[glas] Generic iterations
From: Peter Gottschling (pgottsch_at_[hidden])
Date: 2005-05-27 17:44:15
I looked at the Richardson iteration you checked in. There are a few
things I would make differently. I will first point out my ideas and
provide some code later (after a few iterations of discussion). The
operator and the right hand side vector are better passed as const&.
The latter can be used to create temporary vector(s) if needed. Then I
wouldn't compute the norm in the algorithm and compare it against a
tolerance. Instead, I would use a functor that determines when to stop
This behavior is already realized in the ITL implementation
In contrast to the ITL I wouldn't use a member function but call the
functor itself. This way it could also be a function. IMO counting the
iterations is part of the algorithms and is better done there. The
functor, say stop functor, must be an n-ary predicate. All information
that are available in the iteration should be passed to the stop
functor, like redisuum, number of iterations, preconditioned residuum.
Which of this informations is finally used to decide the stopping is
job of the stop functor and does not matter to the iterative process.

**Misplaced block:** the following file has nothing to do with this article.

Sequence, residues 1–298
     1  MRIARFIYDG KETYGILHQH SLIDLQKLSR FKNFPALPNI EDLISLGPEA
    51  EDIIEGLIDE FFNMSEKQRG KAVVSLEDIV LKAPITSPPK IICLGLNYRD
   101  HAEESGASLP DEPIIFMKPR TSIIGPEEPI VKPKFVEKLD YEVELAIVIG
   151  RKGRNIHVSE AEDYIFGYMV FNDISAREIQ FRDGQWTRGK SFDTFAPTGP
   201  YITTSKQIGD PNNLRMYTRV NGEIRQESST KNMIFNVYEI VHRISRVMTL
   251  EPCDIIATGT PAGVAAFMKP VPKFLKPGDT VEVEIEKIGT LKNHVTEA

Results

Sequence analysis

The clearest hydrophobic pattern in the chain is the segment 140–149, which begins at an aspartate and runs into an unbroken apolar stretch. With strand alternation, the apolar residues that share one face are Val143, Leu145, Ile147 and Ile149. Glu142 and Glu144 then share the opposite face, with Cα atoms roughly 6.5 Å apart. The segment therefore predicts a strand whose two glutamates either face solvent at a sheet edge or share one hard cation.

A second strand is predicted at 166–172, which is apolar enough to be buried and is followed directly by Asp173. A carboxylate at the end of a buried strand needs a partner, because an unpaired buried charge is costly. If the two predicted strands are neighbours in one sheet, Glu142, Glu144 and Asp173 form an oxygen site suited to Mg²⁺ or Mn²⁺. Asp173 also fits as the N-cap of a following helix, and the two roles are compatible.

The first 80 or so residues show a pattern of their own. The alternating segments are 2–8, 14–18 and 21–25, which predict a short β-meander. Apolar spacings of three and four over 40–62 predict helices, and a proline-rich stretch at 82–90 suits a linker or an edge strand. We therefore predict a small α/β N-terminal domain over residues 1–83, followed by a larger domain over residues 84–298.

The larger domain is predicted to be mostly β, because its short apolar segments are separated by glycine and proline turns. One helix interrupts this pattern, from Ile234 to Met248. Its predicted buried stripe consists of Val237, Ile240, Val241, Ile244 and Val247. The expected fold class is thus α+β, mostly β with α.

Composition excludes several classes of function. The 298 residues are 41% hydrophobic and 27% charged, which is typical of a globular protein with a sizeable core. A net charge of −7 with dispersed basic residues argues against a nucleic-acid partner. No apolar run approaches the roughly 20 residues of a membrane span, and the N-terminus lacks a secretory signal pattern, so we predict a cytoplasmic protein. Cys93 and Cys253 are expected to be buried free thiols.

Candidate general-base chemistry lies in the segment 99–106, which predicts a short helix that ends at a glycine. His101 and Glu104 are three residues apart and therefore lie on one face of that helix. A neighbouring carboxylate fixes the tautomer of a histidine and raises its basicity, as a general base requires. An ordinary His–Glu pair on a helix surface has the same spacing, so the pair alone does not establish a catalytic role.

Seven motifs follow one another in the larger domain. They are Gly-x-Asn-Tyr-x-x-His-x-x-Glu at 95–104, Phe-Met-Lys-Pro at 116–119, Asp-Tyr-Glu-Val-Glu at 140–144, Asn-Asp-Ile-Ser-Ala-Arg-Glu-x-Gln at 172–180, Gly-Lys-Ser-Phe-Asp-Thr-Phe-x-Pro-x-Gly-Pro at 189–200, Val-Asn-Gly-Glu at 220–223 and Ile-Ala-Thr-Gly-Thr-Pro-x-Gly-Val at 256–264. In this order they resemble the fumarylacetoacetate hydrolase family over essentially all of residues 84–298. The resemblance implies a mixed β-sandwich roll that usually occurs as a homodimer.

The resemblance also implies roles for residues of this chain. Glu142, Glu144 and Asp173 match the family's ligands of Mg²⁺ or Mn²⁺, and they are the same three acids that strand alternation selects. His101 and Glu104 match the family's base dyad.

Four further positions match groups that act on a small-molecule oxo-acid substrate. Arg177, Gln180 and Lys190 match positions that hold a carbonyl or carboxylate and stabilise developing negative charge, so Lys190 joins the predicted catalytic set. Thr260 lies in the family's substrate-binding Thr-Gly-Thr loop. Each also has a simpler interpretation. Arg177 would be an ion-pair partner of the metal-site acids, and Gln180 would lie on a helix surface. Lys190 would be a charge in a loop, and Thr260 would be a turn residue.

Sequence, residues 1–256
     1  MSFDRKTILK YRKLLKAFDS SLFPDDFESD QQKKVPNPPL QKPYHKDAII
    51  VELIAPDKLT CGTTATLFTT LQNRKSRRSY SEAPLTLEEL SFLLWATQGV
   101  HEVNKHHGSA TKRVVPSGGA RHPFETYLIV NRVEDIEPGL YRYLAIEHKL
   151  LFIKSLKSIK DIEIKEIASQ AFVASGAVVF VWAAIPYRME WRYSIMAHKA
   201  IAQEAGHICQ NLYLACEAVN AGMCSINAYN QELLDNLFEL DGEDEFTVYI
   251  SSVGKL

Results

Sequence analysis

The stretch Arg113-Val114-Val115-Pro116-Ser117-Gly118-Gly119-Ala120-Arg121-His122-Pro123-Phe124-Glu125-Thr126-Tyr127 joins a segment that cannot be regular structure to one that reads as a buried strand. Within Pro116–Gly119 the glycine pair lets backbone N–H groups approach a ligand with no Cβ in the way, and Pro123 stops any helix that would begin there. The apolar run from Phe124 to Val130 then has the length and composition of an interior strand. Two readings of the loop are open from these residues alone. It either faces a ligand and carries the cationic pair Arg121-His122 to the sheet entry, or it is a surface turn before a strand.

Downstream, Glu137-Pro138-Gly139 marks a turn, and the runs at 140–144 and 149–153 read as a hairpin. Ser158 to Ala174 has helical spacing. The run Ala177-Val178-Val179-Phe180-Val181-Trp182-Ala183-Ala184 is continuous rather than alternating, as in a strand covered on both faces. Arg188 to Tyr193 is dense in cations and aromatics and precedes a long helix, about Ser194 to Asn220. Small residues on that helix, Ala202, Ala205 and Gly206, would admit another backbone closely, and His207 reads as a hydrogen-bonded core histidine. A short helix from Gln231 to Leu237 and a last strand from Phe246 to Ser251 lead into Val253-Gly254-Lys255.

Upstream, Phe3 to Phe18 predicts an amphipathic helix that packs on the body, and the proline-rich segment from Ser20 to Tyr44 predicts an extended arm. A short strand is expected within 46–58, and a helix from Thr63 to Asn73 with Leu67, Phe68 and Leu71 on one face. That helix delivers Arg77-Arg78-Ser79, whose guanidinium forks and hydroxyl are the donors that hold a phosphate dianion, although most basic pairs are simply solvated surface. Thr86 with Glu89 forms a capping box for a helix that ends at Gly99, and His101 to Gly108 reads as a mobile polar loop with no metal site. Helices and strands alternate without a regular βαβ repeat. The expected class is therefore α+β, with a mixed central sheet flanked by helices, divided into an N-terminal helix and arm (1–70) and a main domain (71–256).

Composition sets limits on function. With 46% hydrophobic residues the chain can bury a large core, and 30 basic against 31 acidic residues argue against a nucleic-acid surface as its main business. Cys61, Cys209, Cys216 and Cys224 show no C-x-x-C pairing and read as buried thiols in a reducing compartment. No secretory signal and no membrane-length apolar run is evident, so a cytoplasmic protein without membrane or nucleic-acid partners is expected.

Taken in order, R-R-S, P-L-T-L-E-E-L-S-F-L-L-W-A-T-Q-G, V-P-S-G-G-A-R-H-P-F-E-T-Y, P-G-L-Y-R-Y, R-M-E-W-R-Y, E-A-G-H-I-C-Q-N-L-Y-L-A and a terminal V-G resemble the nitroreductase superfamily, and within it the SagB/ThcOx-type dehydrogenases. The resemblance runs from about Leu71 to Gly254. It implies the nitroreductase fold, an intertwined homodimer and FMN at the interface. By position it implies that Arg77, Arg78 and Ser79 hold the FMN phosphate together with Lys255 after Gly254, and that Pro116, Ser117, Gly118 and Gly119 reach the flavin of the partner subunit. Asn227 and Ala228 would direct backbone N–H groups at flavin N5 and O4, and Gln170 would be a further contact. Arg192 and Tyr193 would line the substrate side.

OTOH, information not needed in the algorithm shouldn't be computed
exclusively for the stop functor, e.g. if the algorithm does not need a
residuum then A, x, and b should be given to the stop functor and it
depends than on the implementation of the stop functor whether the
residuum is computed or not. Computing the residuum without ever using
it is a considerable waste of time; passing arguments by reference does
not cost much, if at all (in inline functions).
Data passed to the stop functor should be casted to const to make sure
that they are not unnecessarily changed.
From the prospective of the iterative algorithms it is invisible
whether the stop functor uses an absolute criterion, like norm(r) <
eps, a relative criterion, like norm(r)/normr0 < eps, or some
combination of it. The number of iterations can also be taken into
account in different ways.
Of course, it is up to the stop functor, which norm is used.
Especially with high condition numbers it is possible that the residuum
is decreased by several orders of magnitude where the error (e=x-x* the
difference vector between the current approximation and the solution)
might still be as large as before or even larger. (If interest exist, I
can provide examples.) Error estimates in the energy norm are less
distorted and thus preferable for relative criteria, if available.
Also, error guesses on preconditioned values can be better if the
preconditioned system has a lower condition number as A (otherwise the
preconditioning isn't worth to be used). In particular with multi-level
preconditioners spectrally equivalent error estimations are possible,
i.e. the error guess decreases in the same speed as the real error from
To make a long story short, we shall not restrict ourselves to stop
criteria that always base on the residuum.
This topic is some steps beyond the scalar-like concepts. We should
include more people with experience in iterative algorithms to figure
out all needs of these algorithms need and how we can support it in the
most flexible way.
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